|Goetz Post at Mt. Olive Cemetery|
It was called "the war to end all wars," but it wasn't. What came to be called World War l was followed by World War ll. Whether they were called wars, police actions, skirmishes or anything else, who can count the number of such actions since 1945? The Doomsday Clock is today at 2 1/2 minutes to midnight. One hundred years after the war to end all wars, the clock is ticking.
World War l led to the organization of the American Legion, a group serving veterans, those in service and communities. It was the Legion that encouraged patriotism, won benefits for veterans and supported then and their families. The Legion originated in Paris in 1919 with a few members of the American Expeditionary Force. Six months later it was chartered by Congress, and today the legion boasts between 2.4 and 2.5 million members in American Legion posts across the world. One of the thousands of posts is American Legion George Goetz Post 372 of Forestville.
Originally called Decoration Day, the traditions of decorating the graves of fallen soldiers that began with Southern women following the Civil War quickly spread to honoring all veterans. Ahnapee - now Algoma - residents celebrated early Decoration Days with ceremonies befitting the veterans both alive and dead. The celebration in 1871 was no exception when the graves of deceased soldiers were decorated with flowers and evergreens. About 200 people visited the cemeteries, a number limited only by the capacity of the conveyances. Chief Marshall Major William Henry was assisted by Michael McDonald. Both men had served in the 14th Wisconsin. Captain F.W. Borcherdt, 21st Wisconsin, commanded the firing party. Rev. Henry Overbeck gave a prayer and brief address at each grave. Flowers were scattered by 30 young ladies dressed in white, and Ahnapee's Liederkranz sang appropriate hymns. After it was all over, the Enterprise made the comment that "no village its size gave more to the soldiers than Ahnapee."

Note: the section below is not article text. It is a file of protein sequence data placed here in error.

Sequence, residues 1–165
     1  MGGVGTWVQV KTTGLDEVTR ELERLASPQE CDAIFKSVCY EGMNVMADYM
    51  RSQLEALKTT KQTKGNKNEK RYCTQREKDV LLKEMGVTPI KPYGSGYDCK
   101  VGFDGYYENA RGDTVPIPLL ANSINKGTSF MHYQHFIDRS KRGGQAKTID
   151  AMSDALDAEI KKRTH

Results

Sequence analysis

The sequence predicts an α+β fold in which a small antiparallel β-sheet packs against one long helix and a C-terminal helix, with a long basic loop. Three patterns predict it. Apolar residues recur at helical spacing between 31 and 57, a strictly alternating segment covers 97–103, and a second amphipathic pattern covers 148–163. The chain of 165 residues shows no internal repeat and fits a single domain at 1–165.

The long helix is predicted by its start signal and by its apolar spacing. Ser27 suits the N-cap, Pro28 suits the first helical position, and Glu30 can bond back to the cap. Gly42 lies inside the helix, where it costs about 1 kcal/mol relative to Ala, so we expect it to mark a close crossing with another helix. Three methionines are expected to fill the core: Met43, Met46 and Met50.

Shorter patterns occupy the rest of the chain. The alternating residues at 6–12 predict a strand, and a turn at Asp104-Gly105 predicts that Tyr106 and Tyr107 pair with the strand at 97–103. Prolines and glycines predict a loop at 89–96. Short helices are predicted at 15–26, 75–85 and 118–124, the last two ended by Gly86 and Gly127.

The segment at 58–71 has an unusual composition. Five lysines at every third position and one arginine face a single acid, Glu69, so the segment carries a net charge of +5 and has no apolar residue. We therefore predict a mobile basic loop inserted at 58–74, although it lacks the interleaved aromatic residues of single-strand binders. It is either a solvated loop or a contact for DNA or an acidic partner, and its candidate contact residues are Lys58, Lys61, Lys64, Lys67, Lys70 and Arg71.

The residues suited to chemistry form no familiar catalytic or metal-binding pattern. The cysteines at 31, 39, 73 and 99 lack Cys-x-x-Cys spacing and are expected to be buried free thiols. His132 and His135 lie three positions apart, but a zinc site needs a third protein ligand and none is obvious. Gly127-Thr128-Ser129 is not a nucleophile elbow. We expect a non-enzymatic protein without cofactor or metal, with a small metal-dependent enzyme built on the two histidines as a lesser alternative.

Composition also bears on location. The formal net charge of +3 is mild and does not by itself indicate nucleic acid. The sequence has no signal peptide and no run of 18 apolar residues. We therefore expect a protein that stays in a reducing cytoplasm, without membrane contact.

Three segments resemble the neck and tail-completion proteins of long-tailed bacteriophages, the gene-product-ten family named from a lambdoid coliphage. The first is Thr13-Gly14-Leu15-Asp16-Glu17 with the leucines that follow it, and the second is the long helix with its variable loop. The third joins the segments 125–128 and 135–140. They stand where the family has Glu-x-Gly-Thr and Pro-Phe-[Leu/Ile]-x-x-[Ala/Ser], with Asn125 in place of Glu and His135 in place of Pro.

The following year was much the same. Major Henry again served as marshal but prayers and remarks were given in German only as Rev. S.H. Corich, who was to give prayers and remarks in English, was absent. Four hundred people and 37 teams were in the 1873 parade. At the services Michael McDonald commanded the column, J.H. Leonard was the Officer of the Day and Chauncey Thayer commanded the firing squad. Elder T. Wilson gave the address. Decoration Day continued and in 1884 Forestville’s Nelson Post took charge of the activities. Nelson Post 97 was established in Forestville during 1883, quickly growing in membership and sponsoring activities in Door and Kewaunee Counties.
As the Civil War faded into the past, so did the Nelson Post. Forestville today boasts the George W. Goetz Post 372, a group that works to ensure that the rest of us won’t forget. On Memorial Day the firing squad appeared at each of Southern Door County’s cemeteries. The gun salute followed the invocation. Taps was sounded and the echo was played. Most thought of those who served, those who were lost and the veterans buried at each cemetery.
Of the twenty-seven vets buried at Mt. Olive Lutheran Cemetery on Shiloh Rd. south of Sturgeon Bay, 16 served in World War 1 or ll.
|Mt. Olive Church & Cemetery|
Sources: An-An-api-sebe: Where is the River? c. 2001; Ahnapee Record/Algoma Record Herald; Door County Advocate, Door County Democrat; Mt. Olive Cemetery.